Rights activism is a generic term which can be used to describe a whole range of activists on widely differing issues. And, just as their issues are different, so are their ways of going about things and making the points they are trying to get across.
Activists campaign on so many different things; it would be nigh-on impossible to list them all. However, some types of rights activism are high profile and/or have caught the public’s imagination for one reason or another. This article will concentrate on looking at these types of activism and how they go about their protesting.
Fathers 4 JusticeIn recent years, father’s rights activism has been high on the public agenda. This is because this particular campaign group has started using all manner of high profile stunts to raise awareness of their plight, often leading to arrests and charges being pressed. One thing is for sure, whether you agree or disagree with the points they are making or the way that they go about making them, in terms of raising awareness, the campaign is hugely successful.
The group wants equal rights for fathers of children whose parents have split up. They believe that family courts are weighted towards mothers and as a consequence, many of these men do not get to see their children often or even at all. They often argue that their children would be better off with them.
Stunts that Fathers 4 Justice has carried out include dressing people up as superheroes and putting them on the top of prominent buildings. They also famously threw a flour bomb at Tony Blair when he was Prime Minister, in the House of Commons. Most of their stunts have no apparent victim, although the group was forced to disband for a while after rumours that fringe members had been planning to kidnap the young son of Mr Blair. The main group always denied this.
Animal Rights ActivismAnimal rights activists often hit the headlines for their methods of protesting against a wide variety of animal rights infringements from hunting to drugs testing. Generally, the groups tend to believe that animals’ lives are as important as humans and suffering should be avoided at all costs.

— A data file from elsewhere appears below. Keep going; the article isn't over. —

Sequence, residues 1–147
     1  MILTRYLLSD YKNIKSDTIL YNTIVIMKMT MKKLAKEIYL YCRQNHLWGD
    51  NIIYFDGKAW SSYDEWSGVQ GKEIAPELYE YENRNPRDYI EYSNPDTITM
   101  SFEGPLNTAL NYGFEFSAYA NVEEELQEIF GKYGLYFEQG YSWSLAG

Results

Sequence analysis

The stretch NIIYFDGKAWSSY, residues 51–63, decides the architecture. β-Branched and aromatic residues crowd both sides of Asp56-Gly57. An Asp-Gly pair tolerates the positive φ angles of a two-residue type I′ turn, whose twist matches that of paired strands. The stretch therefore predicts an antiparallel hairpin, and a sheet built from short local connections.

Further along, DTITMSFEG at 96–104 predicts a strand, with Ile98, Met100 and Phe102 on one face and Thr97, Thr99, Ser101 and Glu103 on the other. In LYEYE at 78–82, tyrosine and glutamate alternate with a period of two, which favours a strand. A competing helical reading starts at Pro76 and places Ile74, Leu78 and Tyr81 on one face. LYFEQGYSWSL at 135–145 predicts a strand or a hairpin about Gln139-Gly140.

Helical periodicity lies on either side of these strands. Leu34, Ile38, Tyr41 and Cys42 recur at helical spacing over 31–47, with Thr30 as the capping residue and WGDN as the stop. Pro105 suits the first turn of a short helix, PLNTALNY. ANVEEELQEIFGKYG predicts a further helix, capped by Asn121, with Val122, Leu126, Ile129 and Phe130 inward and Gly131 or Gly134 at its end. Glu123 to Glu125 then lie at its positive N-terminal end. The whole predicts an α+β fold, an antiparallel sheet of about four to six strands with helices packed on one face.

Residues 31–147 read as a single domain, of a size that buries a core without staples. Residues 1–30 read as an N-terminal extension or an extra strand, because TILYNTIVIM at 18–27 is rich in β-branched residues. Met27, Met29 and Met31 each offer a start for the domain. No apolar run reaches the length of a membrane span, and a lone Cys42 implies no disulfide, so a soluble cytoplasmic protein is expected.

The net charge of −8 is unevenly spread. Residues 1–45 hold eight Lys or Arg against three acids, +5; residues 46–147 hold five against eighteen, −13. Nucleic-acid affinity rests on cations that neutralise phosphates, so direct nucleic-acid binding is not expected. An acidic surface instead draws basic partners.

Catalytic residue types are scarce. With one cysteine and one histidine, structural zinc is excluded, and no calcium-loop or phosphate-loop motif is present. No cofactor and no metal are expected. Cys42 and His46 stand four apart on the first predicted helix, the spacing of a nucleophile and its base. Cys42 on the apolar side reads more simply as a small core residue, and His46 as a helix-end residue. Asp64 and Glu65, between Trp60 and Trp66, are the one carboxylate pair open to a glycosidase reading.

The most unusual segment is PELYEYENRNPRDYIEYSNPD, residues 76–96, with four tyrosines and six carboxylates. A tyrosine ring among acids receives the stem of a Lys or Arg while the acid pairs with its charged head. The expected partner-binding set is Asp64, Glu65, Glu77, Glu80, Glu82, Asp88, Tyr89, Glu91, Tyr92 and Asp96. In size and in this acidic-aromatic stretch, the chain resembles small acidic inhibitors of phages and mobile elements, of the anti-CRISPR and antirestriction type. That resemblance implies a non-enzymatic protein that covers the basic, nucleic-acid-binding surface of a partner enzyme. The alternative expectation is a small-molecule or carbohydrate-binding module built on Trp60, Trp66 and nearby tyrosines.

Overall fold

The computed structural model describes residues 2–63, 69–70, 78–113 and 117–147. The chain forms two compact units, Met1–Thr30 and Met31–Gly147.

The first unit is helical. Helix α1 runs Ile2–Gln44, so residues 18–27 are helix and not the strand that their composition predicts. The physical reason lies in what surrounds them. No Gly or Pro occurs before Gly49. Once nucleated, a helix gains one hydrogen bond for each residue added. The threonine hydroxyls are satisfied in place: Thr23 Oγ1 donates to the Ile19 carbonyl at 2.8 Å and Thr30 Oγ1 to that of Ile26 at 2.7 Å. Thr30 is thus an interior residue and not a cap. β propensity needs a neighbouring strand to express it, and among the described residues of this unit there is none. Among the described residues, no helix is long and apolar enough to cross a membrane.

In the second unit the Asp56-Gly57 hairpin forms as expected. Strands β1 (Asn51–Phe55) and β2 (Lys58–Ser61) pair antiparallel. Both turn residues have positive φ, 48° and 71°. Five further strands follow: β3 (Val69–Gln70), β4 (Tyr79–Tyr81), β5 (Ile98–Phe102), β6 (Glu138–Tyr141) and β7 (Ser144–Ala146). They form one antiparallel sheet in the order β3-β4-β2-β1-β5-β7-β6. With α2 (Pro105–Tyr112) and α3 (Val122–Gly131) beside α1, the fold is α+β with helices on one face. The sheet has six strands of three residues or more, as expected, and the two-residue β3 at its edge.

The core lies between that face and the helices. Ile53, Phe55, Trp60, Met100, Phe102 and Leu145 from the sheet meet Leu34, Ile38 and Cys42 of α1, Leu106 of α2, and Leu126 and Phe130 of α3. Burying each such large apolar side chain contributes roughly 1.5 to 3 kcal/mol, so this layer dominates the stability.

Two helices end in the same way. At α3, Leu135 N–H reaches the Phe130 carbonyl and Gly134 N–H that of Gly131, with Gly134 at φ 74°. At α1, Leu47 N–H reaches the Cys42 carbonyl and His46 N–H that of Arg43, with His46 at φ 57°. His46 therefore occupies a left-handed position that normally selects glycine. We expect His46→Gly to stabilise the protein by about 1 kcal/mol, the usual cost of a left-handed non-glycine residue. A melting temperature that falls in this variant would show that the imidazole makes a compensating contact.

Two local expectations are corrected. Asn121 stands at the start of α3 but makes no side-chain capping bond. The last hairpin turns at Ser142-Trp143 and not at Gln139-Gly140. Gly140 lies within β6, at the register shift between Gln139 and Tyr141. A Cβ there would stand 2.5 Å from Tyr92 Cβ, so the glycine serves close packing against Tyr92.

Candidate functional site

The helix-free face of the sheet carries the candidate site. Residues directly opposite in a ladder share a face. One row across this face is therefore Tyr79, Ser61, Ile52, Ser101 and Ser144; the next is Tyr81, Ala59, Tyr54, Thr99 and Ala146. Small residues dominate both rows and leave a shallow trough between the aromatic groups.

There are many animal rights activism groups and their methods range from general awareness raising through adverts and leaflets to far more disruptive activities, all depending on the group. Make no mistake about it; the vast majority of people who support the animal rights movement are law-abiding people.
However, after events in recent years, many people’s minds associate (rightly or wrongly) rights activism with the farm in Staffordshire which bred guinea pigs for medical research. The remains of a relative of the farm owner were dug up and stolen and death threats were also sent. But some animal rights groups openly condemned the action. Other animal rights activism has included groups being successful in getting hunting in the UK outlawed.
Make Poverty HistoryThe recent Make Poverty History campaign is also a good example of rights activism. However, the campaign was largely conducted in and through churches and other charities. The campaign aimed to get Governments in the West to wipe out developing world debt.
In raising awareness, few campaigns and activists could have been more successful. Thousands of people around the UK bought and wore the white band to signify support for the campaign and hundreds of thousands of people have joined marches calling on the Government to act. The Live 8 concerts, held to highlight the campaign and the G8 summit in Gleneagles, and also to coincide with 20 years since Live Aid, drew even more people in to the campaign.
There was criticism from some quarters about how effective debt relief was for the people living in the countries and that debt relief went towards the lifestyles of the ruling class rather than the people. But on the whole, the campaign was a huge success and a great example of awareness raising through positive means.
As stated in the introduction, there are far too many types of activism to ever list individually. But what this article has done is give three examples of rights activism which work in very different ways – and, in the case of animal rights, in different ways within its own subset. Activism is usually a mix between raising awareness and making something happen – but usually the former needs to happen before the latter. Thus, most rights activism starts off as awareness raising before moving ion to make whomever they need to take action.